One of the scary things about the Internet for schools and for parents is that explicit content is very easy to find – even by accident. Most web browsers have “safe search” settings but young people are savvy and it is not unheard of for them to change their settings. Content that comes indirectly, such as via a search engine, can occasionally sneak by filters which increases the problem. The new
search engine decision engine from Microsoft called Bing has taken steps to help with this problem.
First, potentially explicit images and video content will now be coming from a separate single domain, explicit.bing.net. This is invisible to the end customer, but allows for filtering of that content by domain which makes it much easier for customers at all levels to block this content regardless of what the SafeSearch settings might be. This makes it much easier for filtering software to block unwanted content if SafeSearch has been turned off.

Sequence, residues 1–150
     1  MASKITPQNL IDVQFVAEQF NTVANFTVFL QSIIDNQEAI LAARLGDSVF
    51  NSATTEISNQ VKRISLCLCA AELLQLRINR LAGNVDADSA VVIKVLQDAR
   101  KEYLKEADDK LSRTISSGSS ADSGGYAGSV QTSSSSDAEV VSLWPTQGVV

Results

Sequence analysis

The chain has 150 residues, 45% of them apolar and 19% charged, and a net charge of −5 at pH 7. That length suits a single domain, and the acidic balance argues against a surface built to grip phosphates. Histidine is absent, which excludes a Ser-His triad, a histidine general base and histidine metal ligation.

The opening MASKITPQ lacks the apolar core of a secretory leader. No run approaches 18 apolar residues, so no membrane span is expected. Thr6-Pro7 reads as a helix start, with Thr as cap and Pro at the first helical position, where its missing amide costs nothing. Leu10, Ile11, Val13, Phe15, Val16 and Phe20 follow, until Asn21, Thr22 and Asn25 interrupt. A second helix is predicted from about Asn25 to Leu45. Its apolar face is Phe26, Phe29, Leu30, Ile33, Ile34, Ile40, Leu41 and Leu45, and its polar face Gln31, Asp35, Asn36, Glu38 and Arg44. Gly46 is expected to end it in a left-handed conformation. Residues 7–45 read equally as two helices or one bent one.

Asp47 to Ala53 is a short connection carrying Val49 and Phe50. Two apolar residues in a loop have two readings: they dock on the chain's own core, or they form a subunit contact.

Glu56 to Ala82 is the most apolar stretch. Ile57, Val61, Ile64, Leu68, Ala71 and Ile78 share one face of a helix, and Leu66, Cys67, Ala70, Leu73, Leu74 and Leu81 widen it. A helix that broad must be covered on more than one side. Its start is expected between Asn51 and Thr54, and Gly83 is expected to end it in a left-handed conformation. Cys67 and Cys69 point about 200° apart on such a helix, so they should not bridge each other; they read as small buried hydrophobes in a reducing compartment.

In addition, we will begin returning source url information in the query string for images and video content so that companies who already use this method of filtering will be able to catch explicit content on Bing along with everything else they are already blocking for their customers. An example of such a query string is:
So if your school (or home or company) filters out explicit.bing.net then no matter what setting the web browser has you will not see explicit content in Bing results. This should be a big help to a lot of schools. It was done in direct response to feedback from companies, schools, and others concerned with making sure explicit content can be filtered out when that action is appropriate.